Egypt and Greece have signed an agreement on how to divide territorial waters, a move swiftly condemned by Turkey.
Greek Minister of Foreign Affairs Nikos Dendias signed the deal with Egyptian Foreign Minister Sameh Shoukry.
“This agreement between us today reconfirms and enshrines the effect and the right of our islands to a continental shelf and EEZ,” said Dendias.
“And, as of today, Greek-Egyptian relations are entering a new phase of closer contacts. We have laid solid foundations for us to move ahead together, in co-ordination, in order to address the common challenges in our wider environment.”
Greece and Egypt signed the EEZ agreement in the framework of international laws, Dendias said. Greece will act in a similar way with other neighbours. He cited a similar EEZ agreement with Italy, in June.
“It also abides with the rules of good neighbourly relations.” As such, he said, it is the “exact opposite” of the memorandum of understanding (MoU) signed between Turkey and Libya’s Government of National Accord (GNA), in November 2019.
“Following the signing of today’s agreement, the null and void Turkey-Libya agreement has ended up where it belonged from the very first moment: in the rubbish bin,” the minister said.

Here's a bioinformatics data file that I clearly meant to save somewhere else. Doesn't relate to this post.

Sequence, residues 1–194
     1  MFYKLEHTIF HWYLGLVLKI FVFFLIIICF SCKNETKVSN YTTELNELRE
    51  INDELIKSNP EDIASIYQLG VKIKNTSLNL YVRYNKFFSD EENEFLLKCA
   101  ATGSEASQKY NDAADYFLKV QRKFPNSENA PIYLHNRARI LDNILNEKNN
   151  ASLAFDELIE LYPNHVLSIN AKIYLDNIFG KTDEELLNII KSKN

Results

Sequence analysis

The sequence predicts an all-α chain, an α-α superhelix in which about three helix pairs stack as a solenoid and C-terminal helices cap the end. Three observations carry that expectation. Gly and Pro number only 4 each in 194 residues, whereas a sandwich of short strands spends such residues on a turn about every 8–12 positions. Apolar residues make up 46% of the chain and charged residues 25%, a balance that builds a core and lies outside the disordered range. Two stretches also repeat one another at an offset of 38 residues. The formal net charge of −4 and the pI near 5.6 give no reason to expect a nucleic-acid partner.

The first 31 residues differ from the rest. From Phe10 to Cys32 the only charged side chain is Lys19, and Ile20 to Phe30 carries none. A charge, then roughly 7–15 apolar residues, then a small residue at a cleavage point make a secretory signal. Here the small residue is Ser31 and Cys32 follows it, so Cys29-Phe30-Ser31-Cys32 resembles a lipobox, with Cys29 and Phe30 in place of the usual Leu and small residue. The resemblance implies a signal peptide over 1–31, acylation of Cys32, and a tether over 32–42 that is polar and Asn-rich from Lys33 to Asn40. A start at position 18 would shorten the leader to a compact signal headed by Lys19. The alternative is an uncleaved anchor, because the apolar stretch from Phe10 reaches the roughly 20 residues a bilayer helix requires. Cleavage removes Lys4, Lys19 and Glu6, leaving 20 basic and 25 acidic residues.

Turkey, naturally, felt differently. The border between Greece and Egypt “does not exist” a statement from Turkey’s Ministry of Foreign Affairs said.
The area agreed on “lies within the Turkish continental shelf as declared to the United Nations”. The Greece-Egypt deal also “attempts to usurp the rights of Libya”.
Turkey said it would not allow any activity in the disputed area and would continue to defend its interests and rights in the Eastern Mediterranean.
The Egyptian ministry responded to the Turkish declaration by saying that Turkey did not understand the agreement and its details.
The Turkey-GNA deal from 2019 sparked protests from Greece and Egypt. A Greek deputy minister pulled out of the opening ceremony of the Trans-Anatolian Pipeline (TANAP). Athens also expelled the Libyan ambassador.
The deal also raises some questions about Egypt’s western offshore. A number of companies have signed up to work in the Herodotus Basin, including Chevron and ExxonMobil, and there may be dispute over some of this area.
Turkey had been pursuing a drilling campaign in waters it has claimed. The European Union imposed sanctions on two people in February this year in response. The country made some moves to suspend exploration at the end of July. Turkey may see the Egypt-Greece deal as worthy of a response, such as resuming seismic.